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notes and sources

  • This selection is the Introduction to I'll Take My Stand; the South and the Agrarian Tradition, a collection of essays written by twelve Southerners and published in 1930.

  • Tennessee Agrarians, an essay by the prolific Edmund Wilson, long time writer and literary figure (the New Republic, Vanity Fair, the Dial, the New Yorker) in apparent reaction to I'll Take My Stand.

  • That Evening Sun Go Down by William Faulkner was published in The American Mercury in March, 1931. The story was later published in The American Mercury Reader (1946), a collection of the best stories, articles and poems published by the magazine to date.

  • Kneel To The Rising Sun and Other Stories by Erskine Caldwell was published in 1935.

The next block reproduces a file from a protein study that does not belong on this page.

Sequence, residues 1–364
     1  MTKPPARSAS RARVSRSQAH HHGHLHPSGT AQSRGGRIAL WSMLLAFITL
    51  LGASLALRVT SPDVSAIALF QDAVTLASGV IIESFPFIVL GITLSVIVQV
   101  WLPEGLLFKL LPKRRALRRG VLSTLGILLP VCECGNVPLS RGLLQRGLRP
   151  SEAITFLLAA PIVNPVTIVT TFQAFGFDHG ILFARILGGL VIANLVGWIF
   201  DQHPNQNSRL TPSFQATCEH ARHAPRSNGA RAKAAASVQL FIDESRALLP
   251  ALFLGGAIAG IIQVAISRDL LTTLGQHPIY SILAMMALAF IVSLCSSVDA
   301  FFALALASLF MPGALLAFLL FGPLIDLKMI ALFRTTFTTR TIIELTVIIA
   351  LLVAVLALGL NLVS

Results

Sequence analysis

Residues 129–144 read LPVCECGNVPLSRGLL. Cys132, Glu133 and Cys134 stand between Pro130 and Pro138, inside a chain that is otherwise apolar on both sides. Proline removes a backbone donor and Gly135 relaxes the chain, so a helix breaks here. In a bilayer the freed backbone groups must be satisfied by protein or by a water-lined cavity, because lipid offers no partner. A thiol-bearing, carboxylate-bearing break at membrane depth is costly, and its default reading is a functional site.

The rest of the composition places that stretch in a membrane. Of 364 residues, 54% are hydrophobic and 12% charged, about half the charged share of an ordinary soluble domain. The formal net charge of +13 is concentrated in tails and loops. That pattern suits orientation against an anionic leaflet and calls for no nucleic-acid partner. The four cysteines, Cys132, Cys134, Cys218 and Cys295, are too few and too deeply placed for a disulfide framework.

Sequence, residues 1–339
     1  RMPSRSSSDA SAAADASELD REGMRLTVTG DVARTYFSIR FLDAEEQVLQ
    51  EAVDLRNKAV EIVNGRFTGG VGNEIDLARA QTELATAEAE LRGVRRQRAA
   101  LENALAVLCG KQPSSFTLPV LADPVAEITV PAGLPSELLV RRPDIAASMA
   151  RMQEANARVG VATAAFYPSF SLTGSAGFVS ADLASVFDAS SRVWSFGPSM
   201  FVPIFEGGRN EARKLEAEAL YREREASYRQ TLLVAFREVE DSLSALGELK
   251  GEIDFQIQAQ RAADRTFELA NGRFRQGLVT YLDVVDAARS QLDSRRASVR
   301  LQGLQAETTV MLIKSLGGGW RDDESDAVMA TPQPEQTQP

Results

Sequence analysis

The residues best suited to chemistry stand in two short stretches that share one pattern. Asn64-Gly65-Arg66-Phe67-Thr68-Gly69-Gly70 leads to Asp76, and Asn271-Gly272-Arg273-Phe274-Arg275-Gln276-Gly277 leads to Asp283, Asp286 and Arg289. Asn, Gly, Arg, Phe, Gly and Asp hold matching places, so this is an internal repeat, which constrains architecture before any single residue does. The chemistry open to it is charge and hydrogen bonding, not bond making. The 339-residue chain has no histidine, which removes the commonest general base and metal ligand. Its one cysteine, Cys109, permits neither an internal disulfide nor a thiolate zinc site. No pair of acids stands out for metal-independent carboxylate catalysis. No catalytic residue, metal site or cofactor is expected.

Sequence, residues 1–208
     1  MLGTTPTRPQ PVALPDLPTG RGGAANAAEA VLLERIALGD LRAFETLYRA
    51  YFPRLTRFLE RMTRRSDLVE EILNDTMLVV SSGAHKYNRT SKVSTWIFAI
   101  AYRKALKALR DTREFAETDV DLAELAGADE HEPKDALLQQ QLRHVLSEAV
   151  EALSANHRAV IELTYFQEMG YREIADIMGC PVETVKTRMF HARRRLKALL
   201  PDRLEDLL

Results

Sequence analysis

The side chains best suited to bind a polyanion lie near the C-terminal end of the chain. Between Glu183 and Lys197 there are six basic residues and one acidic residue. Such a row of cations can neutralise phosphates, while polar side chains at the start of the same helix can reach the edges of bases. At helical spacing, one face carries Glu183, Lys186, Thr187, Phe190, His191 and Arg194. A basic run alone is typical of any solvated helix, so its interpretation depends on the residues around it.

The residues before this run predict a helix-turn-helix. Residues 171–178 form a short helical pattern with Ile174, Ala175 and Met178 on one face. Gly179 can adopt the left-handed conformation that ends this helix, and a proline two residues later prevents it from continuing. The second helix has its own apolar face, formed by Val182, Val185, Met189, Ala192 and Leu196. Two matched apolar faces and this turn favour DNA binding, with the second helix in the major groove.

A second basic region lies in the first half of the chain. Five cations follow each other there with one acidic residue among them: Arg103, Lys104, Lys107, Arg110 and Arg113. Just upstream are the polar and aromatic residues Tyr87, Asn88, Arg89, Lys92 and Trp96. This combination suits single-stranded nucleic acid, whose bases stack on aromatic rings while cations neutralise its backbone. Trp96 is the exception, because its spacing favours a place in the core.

• "Corn Cobs Twist Your Hair" is one chapter from Contance Rourke's exploration of American Humor. For further reading, please visit our hypertext.

  • The Lumberjacks Go Sissy is another selection culled from the pages of The American Mercury Reader. Author Stewart Holbrook is there called "an authority on the more manly phases of American folklore, having written many books on the subject."

  • John Steinbeck writes in a 1937 post-publication introduction to Tortilla Flat that when the book was written, it did not occur to him that "paisanos were curious or quaint, dispossessed or underdoggish." "Had I known that these stories and these people should be considered quaint," he proffers, "I think I should never have written them."

  • The Lost Boy by Thomas Wolfe was originally published in Redbook in 1937.